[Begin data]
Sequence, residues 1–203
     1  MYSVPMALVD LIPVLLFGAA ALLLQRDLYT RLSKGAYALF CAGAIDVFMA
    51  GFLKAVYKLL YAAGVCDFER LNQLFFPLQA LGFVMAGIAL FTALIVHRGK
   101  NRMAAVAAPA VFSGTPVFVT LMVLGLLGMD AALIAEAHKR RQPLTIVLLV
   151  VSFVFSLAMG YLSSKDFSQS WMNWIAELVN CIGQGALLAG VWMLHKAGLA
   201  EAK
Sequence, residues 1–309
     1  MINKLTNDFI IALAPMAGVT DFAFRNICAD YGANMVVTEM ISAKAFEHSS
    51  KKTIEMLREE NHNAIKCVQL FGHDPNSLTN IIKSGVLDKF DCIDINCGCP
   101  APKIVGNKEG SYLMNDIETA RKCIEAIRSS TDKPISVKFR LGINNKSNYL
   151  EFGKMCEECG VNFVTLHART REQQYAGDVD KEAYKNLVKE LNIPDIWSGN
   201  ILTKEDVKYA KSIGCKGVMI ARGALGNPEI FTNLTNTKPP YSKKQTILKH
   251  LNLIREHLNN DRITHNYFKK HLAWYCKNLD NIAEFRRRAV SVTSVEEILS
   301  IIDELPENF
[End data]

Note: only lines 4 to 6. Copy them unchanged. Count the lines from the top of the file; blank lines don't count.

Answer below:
   101  NRMAAVAAPA VFSGTPVFVT LMVLGLLGMD AALIAEAHKR RQPLTIVLLV
   151  VSFVFSLAMG YLSSKDFSQS WMNWIAELVN CIGQGALLAG VWMLHKAGLA
   201  EAK